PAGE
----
Predicting 20 billion connected electronic devices by next year

Ken Kennedy Institute for Information Technology hosts third annual Rice Data Science Conference.

Jonas Actor

By some time next year, predicts Raghua Ramakrishnan, there will be more than 20 billion connected electronic devices in the world.

“The amount of data exchanged by sensors will be more than the amount exchanged by human beings,” said the CTO for Data and a Technical Fellow at Microsoft, speaking at the third annual Rice Data Science Conference. The Oct. 14-15 event was hosted by the Ken Kennedy Institute for Information Technology and drew some 340 leaders from industry and academia.

“Data science is a field in which scientists work with domain experts to address complex problems beyond what was thought possible even five years ago,” said Lydia Kavraki, director of the Ken Kennedy Institute and Noah Harding Professor of Computer Science at Rice.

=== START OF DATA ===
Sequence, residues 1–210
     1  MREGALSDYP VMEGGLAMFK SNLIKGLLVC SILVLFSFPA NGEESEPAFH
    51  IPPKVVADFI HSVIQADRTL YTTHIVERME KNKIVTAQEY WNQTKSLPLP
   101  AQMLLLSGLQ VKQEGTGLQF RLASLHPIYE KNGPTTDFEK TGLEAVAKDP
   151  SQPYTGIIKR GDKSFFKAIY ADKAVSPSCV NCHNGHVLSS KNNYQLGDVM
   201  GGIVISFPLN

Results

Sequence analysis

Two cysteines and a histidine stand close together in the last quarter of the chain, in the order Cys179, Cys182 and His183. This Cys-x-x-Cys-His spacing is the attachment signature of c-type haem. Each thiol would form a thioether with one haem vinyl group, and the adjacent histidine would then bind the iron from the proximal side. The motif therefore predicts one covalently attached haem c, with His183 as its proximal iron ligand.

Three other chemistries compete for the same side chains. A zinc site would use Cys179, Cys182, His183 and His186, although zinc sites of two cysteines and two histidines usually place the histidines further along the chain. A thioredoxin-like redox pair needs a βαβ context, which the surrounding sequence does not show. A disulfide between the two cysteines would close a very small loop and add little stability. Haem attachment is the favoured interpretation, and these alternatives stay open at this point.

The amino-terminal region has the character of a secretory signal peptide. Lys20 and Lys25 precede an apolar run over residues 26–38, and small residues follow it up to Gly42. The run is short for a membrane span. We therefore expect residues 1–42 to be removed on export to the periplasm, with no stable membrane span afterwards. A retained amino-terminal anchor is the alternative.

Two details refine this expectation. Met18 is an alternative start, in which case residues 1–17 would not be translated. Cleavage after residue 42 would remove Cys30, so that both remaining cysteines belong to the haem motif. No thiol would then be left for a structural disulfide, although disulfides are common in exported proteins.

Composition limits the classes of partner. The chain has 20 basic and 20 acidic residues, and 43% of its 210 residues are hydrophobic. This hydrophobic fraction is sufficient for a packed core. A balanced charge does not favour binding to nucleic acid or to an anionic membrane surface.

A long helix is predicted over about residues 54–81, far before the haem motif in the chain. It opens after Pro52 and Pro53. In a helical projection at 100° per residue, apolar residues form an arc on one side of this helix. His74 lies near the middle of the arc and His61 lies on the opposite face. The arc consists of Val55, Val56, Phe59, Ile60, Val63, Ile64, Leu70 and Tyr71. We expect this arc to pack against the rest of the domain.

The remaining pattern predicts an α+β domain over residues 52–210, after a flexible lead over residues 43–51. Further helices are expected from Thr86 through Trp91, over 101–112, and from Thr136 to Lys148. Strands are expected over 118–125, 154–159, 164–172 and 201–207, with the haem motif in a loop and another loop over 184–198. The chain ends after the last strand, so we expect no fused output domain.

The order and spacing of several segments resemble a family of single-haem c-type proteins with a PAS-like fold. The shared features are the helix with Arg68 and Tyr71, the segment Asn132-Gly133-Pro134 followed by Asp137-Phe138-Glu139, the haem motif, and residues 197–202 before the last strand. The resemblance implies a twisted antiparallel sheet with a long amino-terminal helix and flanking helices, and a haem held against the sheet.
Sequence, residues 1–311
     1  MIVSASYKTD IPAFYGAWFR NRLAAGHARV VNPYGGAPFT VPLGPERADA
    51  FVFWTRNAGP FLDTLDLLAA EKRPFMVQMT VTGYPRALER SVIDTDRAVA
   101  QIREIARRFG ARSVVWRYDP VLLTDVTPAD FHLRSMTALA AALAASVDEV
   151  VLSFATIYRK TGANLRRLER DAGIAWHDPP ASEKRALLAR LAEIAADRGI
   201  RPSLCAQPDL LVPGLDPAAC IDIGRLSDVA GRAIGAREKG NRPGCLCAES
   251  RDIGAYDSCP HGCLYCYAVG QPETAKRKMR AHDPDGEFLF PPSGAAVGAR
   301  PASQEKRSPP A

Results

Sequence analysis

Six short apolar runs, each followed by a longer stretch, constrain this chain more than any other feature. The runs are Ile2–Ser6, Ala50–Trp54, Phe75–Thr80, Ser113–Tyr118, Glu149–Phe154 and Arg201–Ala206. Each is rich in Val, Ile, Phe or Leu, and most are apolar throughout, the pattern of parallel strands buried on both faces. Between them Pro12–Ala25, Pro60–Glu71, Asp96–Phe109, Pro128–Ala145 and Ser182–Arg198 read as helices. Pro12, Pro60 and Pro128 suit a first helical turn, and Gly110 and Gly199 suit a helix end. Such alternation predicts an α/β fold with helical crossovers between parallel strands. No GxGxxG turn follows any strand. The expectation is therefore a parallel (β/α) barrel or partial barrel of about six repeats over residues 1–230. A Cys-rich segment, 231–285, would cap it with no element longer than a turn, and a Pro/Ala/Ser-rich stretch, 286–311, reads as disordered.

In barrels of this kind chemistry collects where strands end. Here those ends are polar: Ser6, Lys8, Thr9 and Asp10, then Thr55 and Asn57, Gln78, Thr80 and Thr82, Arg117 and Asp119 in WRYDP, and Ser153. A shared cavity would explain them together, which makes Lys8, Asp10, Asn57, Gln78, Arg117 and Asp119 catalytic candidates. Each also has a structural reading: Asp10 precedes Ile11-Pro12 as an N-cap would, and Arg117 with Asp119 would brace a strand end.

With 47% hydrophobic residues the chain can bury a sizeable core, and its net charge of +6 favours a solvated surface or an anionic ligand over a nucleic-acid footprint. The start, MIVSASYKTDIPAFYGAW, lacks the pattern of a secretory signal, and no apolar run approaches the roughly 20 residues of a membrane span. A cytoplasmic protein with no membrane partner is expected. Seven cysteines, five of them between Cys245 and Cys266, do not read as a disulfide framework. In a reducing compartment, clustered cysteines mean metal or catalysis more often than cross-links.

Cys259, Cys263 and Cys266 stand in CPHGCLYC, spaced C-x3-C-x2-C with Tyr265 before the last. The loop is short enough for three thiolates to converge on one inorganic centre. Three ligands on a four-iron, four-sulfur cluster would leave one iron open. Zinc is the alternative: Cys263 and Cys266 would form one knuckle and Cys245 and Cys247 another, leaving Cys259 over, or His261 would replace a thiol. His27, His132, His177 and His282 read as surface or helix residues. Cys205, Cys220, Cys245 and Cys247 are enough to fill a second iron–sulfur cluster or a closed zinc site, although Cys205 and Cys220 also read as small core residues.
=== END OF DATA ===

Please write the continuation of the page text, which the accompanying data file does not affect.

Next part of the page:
“Houston, with its universities, the Texas Medical Center, NASA, the energy industry and its rapidly evolving entrepreneurial landscape, is the ideal place for such a conference.”

Speaking on “Data in the Cloud,” Ramakrishnan said: “Soon we will see kiosks that will bring the power of the Cloud to Mom and Pop stores. Data emanates from our tools, transportation, homes, even our bodies. Everything in the world is becoming observable.”

Dr. Joshua C. Denny, professor of biomedical informatics and medicine at Vanderbilt University, leads the Data and Research Center of the All of Us program, administered by the National Institutes of Health. Created in 2015 by President Barack Obama, All of Us hopes to collect genetic and health data from one million volunteers in the United States. The goal is to tailor medical care to individual patients.

“This hasn’t been robustly attempted before. It’s an ambitious project. We have already collected biospecimens from more than 276,000 participants, at a rate of about 3,100 a week. More than 80 percent of them are from groups that have been historically underrepresented in biomedical research,” Denny said.

All of Us currently enrolls participants who are at least 18 years old at 350 recruitment sites around the country. In early 2020, the data collected from volunteers will start becoming available to researchers. “We intend to make precision medicine a reality,” Denny said.